If superhero roleplaying has an OD&D, it is 1978's Superhero 2044. Written by Donald Saxman and published by Gamescience (yes, that Gamescience), there's no denying that Superhero 2044 is an odd game by most measures. (It's also worth noting here, before someone comes along to correct me that this RPG is actually a revision and expansion of an earlier game, Superhero '44, published the previous year) First and most obviously, Superhero 2044 is set in the future, in the middle of the 21st century on the fictitious island nation of Inguria. Thanks to the havoc wrought by the Six-Day War earlier in the century, as well as its being home to a variety of high-tech industries (including spaceflight), Inguria is the pre-eminent world power and home to a large number of superheroes.
I have to admit I find the future history of Superhero 2044 more than a little wacky, but superheroes are themselves fairly wacky, so I don't think this is necessarily a flaw in the game. Indeed, I find something rather charming about this central conceit of the game, which, to my mind at least, hearkens back to the beginnings of comics, when superheroes patrolled the streets of imaginary locales like Gotham or Metropolis. Furthermore, by placing the game in the future, it provides a better foundation on which to construct all the super-science and aliens that most supposedly "modern day" comics have in abundance and yet never seem to change the world in any noticeable fashion. Inguria and the world it inhabits, on the other hand, are changed by the presence of these things, a fact that I think makes a setting like this a good one for a roleplaying game, even if it's not what many gamers might expect.
Character creation uses a point-buy system that was unusual for its time. 140 points are used to purchase attributes (there are seven), as modified by the character's "type." Superhero 2044 presents three types of characters: uniques ("possessing powers and abilities far beyond those of mortal men" -- think Superman), toolmasters (think Iron Man), and ubermenschen (think Tarzan). Up to 50 points may be allocated toward a character's super powers and related abilities. However, there are no rules or descriptions of super powers. This was done consciously by Donald Saxman "for copyright reasons," which is bizarre from both a legal and a game design perspective. Instead, it's left to each player, in cooperation with the referee, to model a character's super powers so that they work with the game's various systems, particularly combat.
Now, I am sure that many readers will, at this point, be shaking their heads in disbelief and that's understandable. I had the same reaction when I first read Superhero 2044. And while I can't completely defend Saxman's choice as a wholly logical one, I think it needs to be taken in context. For one, as I'll explain shortly, Superhero 2044 is a very abstract game. When I compared it to OD&D, I wasn't kidding. The game is only a couple of steps removed from a mere simulation; its explicit roleplaying elements are inchoate. For another, it was commonplace in the early days to leave many aspects of a game up to individual players and referees to design for themselves. I'll grant that a superhero game that considers super powers something best left to be designed on the fly is a bit peculiar, but I don't think it's as absurd as it appears at first blush, even if it's not an approach that I myself have much interest in.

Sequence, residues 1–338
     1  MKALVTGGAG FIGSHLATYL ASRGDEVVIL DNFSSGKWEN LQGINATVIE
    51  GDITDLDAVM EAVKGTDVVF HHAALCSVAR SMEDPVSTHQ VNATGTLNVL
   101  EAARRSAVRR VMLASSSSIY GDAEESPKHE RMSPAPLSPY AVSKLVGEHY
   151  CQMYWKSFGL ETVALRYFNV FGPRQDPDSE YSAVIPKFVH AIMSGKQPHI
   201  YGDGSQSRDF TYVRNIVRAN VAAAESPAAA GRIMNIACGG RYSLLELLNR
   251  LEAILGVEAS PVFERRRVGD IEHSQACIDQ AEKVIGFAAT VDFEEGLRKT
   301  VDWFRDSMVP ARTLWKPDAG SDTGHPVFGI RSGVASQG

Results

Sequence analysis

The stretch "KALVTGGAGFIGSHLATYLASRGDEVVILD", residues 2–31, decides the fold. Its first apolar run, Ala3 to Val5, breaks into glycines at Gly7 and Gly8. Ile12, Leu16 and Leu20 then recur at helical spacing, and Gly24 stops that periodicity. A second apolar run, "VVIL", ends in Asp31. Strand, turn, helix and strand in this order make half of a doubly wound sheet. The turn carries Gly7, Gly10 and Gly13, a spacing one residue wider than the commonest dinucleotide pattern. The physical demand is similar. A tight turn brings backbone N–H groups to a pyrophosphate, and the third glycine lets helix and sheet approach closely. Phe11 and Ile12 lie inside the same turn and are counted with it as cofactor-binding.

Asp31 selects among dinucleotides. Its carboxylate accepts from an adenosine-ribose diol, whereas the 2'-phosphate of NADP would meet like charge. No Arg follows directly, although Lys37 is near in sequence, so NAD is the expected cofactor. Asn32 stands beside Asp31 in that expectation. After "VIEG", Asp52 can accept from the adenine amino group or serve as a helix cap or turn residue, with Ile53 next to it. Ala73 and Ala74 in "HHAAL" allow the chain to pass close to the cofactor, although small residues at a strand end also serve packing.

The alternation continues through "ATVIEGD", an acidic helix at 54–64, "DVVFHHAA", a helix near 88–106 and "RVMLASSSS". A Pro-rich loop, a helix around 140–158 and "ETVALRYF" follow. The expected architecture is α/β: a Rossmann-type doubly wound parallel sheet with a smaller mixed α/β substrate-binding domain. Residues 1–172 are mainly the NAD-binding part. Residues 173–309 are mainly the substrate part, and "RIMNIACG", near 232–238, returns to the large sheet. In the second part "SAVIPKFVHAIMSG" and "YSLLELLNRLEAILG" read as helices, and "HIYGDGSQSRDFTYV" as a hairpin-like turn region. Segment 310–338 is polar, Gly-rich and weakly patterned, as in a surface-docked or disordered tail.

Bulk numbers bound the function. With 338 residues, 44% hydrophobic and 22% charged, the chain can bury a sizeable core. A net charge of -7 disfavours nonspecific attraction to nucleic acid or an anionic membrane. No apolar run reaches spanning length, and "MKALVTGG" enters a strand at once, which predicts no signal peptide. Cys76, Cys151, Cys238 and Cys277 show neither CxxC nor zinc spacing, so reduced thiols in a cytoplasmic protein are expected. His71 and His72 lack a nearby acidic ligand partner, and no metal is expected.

I call Superhero 2044 "abstract," because, as written anyway, it's more about simulating the daily lives of superheroes than it is about specific adventures. Characters go "on patrol," seeking out crimes to thwart and villains to defeat. The results of a patrol depend on a number of factors, most importantly the area the player chooses for his character to investigate. There are many tables that take these factors into account to generate a situation and its results. Thus, a character might come across an attempted assassination of a public figure or an act of terrorism or even shoplifting. The choices a player makes influence the dice rolls that determine the outcome of patrols. Rules are even included for solo play, so that a player can take his hero on patrol without the need of a referee. As one might expect in a system like this, combat is similarly abstract, being mostly another factor that adds to the determination of what happens while a character is on patrol.
I think it's the abstractness of Superhero 2044 that is its biggest drawback when viewed from the present day. As I said above, the game seems more like a simulation of superheroics than a roleplaying game about superheroes. There's a decidedly wargame-y quality to it all, a quality that overwhelms its innovative and clever ideas and likely goes a long way toward explaining why, despite being the first superhero RPG, was never its most popular. In fact, I'd hazard a guess that most gamers have never even heard of Superhero 2044, let alone played it. I never heard of it myself back in the day and it was only in recent years that I saw a copy. I've never had the chance to play it and, while I find many aspects of it intriguing, I can't say that I have much desire to inflict it on my gaming group. Still, it's worth remembering this game and its contributions to the early hobby. Without it, Villains & Vigilantes and Champions (both of which, I have little doubt, were influenced by Superhero 2044's design) might have been very different, as might the entire history of superhero gaming.